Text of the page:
Whistling Again

Whistling may not be a conventional business metric, but I can’t imagine a more meaningful measure of success.
I would have to agree. — jtl, 419
by Dave Pratt at RMC

We use key performance indicators to assess the health of a business. Some evaluate economic and financial health. Others measure labor productivity. Still others measure the health of the ecosystem. Last week I added a new key performance indicator for measuring business success to my list.

I spent an evening with Craig and Connie French after a 2-day workshop I led in Malta, Montana. Craig and Connie took the Ranching For Profit School in 2016 and participated in Executive Link for a couple of years.  Craig gave me a quick tour of the ranch and talked enthusiastically about some of the results they’ve seen since attending the school. Among other things, using cell grazing led to an 80% increase in the stocking rate. Craig attributed some of that to better utilization and the rest to increasing the carrying capacity. Connie added, “That’s been like getting a new ranch for free.” There are still some challenges with water quality and distribution, but Craig seemed confident that they could lick those problems without too much trouble.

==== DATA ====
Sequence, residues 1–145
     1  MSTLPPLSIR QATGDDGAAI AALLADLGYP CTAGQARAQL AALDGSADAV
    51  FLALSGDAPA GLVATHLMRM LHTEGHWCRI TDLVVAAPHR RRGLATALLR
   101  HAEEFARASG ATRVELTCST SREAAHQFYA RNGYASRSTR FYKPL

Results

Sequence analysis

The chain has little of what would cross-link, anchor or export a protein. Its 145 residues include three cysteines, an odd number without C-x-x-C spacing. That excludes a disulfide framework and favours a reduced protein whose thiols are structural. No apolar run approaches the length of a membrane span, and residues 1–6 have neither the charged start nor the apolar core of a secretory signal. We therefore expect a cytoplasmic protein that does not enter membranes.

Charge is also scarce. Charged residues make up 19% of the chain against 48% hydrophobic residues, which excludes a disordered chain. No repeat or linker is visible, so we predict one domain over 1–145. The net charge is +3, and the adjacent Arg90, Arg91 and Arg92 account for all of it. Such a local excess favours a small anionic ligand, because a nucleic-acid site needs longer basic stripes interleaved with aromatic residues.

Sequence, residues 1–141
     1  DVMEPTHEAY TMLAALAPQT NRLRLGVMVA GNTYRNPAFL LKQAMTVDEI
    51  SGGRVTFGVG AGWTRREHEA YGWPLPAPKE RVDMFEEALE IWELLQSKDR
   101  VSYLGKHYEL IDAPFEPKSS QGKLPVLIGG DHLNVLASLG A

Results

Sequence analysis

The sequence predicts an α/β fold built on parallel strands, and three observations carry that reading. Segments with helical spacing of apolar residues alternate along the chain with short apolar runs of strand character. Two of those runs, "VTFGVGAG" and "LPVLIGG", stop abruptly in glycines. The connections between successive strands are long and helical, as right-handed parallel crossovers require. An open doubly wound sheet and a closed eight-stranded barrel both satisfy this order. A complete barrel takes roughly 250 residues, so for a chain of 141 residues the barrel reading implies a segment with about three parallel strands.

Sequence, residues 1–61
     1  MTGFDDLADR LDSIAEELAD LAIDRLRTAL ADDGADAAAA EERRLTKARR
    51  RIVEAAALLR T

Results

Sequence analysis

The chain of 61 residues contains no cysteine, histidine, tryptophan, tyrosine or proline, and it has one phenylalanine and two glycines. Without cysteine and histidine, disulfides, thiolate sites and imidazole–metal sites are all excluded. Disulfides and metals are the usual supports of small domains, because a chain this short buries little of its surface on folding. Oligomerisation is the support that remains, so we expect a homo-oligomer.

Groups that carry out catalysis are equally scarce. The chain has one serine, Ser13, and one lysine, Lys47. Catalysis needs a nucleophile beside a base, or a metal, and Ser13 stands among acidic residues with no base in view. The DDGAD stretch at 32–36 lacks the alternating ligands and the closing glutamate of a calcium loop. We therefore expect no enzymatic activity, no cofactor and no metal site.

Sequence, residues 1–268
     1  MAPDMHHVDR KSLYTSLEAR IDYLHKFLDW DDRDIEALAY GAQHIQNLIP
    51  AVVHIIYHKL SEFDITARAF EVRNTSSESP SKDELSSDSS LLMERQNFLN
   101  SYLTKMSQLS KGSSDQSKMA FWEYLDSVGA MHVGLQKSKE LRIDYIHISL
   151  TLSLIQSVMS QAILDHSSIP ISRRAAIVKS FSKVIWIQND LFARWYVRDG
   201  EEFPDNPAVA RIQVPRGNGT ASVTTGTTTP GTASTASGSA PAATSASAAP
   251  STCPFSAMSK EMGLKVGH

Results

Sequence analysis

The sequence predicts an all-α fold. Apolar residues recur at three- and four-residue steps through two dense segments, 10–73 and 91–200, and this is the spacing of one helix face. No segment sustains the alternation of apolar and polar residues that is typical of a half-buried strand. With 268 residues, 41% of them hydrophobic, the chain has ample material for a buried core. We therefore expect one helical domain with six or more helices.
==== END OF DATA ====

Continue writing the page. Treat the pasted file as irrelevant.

Over dinner that night, as I summarized the results Craig had shared with me earlier, Connie added, “And he’s whistling again.” She explained that, while trailing some heifers home from Craig’s folks place, he started whistling. With tears in her eyes, she said “I hadn’t heard him do that in years.”

Whistling may not be a conventional business metric, but I can’t imagine a more meaningful measure of success.

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Land and Livestock International, Inc. is a leading agribusiness management firm providing a complete line of services to the range livestock industry. We believe that private property is the foundation of America. Private property and free markets go hand in hand—without property there is no freedom. We also believe that free markets, not government intervention, hold the key to natural resource conservation and environmental preservation. No government bureaucrat can (or will) understand and treat the land with as much respect as its owner. The bureaucrat simply does not have the same motives as does the owner of a capital interest in the property. Our specialty is the working livestock ranch simply because there are so many very good reasons for owning such a property. We provide educational, management and consulting services with a focus on ecologically and financially sustainable land management that will enhance natural processes (water and mineral cycles, energy flow and community dynamics) while enhancing profits and steadily building wealth.
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1 Response to Whistling Again

  1. Reblogged this on Flyover-Press.com and commented:

    “Whistling may not be a conventional business metric, but I can’t imagine a more meaningful measure of success.” I would have to agree. — jtl, 419


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